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Serpentine is located in a former warehouse on Dogpatch’s main drag, identified only by a large but discreet sign painted directly on the building. Inside, the New American restaurant’s space astounds with its verticality: The ceilings soar 20 feet or more, where pipes are clearly visible. High-set metal-framed windows are the apex of industrial chic. Exposed brick, old concrete columns, and wood floors have been warmed up a trifle by a large flower arrangement, a few black-and-white photographs on white walls, and lush, dark velvet curtains in front of the bathrooms. A metal-topped bar runs along one side of the room, backed by a tempting array of gleaming bottles from which issue forth seductive and original cocktails. The other side houses a couple of comfy booths and banquettes lining the walls with simple tables and wood chairs. In early evening, with light still streaming in, you may see happy families; later, the room darkens, the music gets louder, and children disappear. The seasonally changing menu offers delicious modern American cooking, carefully prepared meats, fish, and fowl, paired with well considered combinations of starch and vegetables. Brunch brings neighborhood favorites like buckwheat pancakes and Oregon Bay shrimp benedict.
Back in the Dogpatch: Seoul Patch Pop Up at SerpentineWhen: Sunday, June 24 from 6:30 PM - 10:30 PM (or until all the food is gone!)Where: Serpentine, 2495 3rd Street. Seoul Patch heads back to where ... More »
Weekend brunch in other cities is a little different from the San Francisco scene. In Denver or Chicago, in general, it's unusual to wait an hour for a table before 11 a.m. People don't insist u... More »
Thurs., May 20, 2010 For SF Weekly's Best of San Francisco 2010, food critic Jonathan Kauffman ate his way through enough burgers to make any normal diner sweat LDL crystals. His favorite? Serpentine... More »
Not so very long ago, even longtime San Franciscans who heard the name "Dogpatch" would probably first think of the mythical hillbilly town in Al Capp's long-running comic strip instead of the waterfront-adjacent neighborhood on the city's... More »
You can upscale a burger too far. That $120 DB Royale black truffle burger? It's all about the illusion of luxury. Four-week-aged-beef burgers, Kobe burgers, burgers larded with foie gras -- meh. Chef Deepak Kaul does the bistro burger just right, with straightforward panache: a fat round of Prather Ranch beef, an Acme roll, a tangle of pink pickled onions, and a few precise leaves of lettuce. Kaul serves a mellow blend of Dijon and whole-grain mustard on the side, as well as... More »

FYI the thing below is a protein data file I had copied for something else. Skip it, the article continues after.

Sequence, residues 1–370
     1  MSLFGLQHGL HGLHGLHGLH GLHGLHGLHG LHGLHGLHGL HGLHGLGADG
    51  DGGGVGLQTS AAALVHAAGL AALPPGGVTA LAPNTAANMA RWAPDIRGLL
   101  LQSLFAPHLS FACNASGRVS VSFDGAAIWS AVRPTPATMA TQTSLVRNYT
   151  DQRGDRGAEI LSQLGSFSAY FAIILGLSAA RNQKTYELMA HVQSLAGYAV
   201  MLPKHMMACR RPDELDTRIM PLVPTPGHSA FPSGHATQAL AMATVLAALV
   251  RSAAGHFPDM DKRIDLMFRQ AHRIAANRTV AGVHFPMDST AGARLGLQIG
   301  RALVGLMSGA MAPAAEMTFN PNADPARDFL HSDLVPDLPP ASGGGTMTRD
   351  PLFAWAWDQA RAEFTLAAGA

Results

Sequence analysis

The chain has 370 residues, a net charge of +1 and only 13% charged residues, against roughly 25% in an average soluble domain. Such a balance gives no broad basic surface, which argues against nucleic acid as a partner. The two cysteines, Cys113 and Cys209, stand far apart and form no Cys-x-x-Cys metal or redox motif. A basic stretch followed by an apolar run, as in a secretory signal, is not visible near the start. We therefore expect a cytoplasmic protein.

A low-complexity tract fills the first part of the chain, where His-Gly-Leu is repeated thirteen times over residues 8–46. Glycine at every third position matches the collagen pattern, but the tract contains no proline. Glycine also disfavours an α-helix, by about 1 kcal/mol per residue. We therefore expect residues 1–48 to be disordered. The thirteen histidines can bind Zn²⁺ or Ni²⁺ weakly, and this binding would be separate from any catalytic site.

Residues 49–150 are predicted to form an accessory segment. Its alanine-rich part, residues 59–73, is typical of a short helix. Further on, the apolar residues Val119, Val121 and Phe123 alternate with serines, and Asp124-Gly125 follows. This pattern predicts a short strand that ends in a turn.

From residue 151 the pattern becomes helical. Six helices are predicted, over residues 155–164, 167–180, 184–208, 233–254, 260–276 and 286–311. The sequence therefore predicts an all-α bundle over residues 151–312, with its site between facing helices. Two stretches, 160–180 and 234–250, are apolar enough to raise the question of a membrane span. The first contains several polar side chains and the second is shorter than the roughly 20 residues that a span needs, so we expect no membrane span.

A signature starter at Serpentine, a chic eatery housed in anindustrial space in the Dogpatch neighborhood, is its savory breadpudding, a crusty hillock that tastes better than it looks (trust us).Under its browned exterior hides a frequently changing amalgam ofseasonal ingredients (perhaps nettles, roasted onions, and Swisscheese; or fennel, baby spinach, roasted garlic, and Swiss cheese),incorporated in an eggy custard full of bread chunks. For a few extradollars, you can add... More »
We're suckers for lemon meringue pie. The combination of flaky pastry, smooth tart filling, and airy topping, if done right, never fails to thrill us. (Sometimes we like it even if it's done wrong.) But Serpentine's Meyer lemon tart with toasted marshmallow and blood-orange sections thrilled us as never before. That's because we've never had a lemon meringue pie that threatened to float off its plate and disappear into the stratosphere. It looks like a farmhouse pie made to fin... More »
We're suckers for lemon meringue pie. The combination of flaky pastry, smooth tart filling, and airy topping, if done right, never fails to thrill us. (Sometimes we like it even if it's done wrong.) But Serpentine's Meyer lemon tart with toasted marshmallow and blood-orange sections thrilled us as never before. That's because we've never had a lemon meringue pie that threatened to float off its plate and disappear into the stratosphere. It looks like a farmhouse pie made to finish a dollhouse feast: a thin, fragile pastry round layered with sweet-tart lemon curd and crisscrossed with a lattice of carefully browned marshmallow meringue. Here's a sweet that deserves the cliche: it melts in your mouth.
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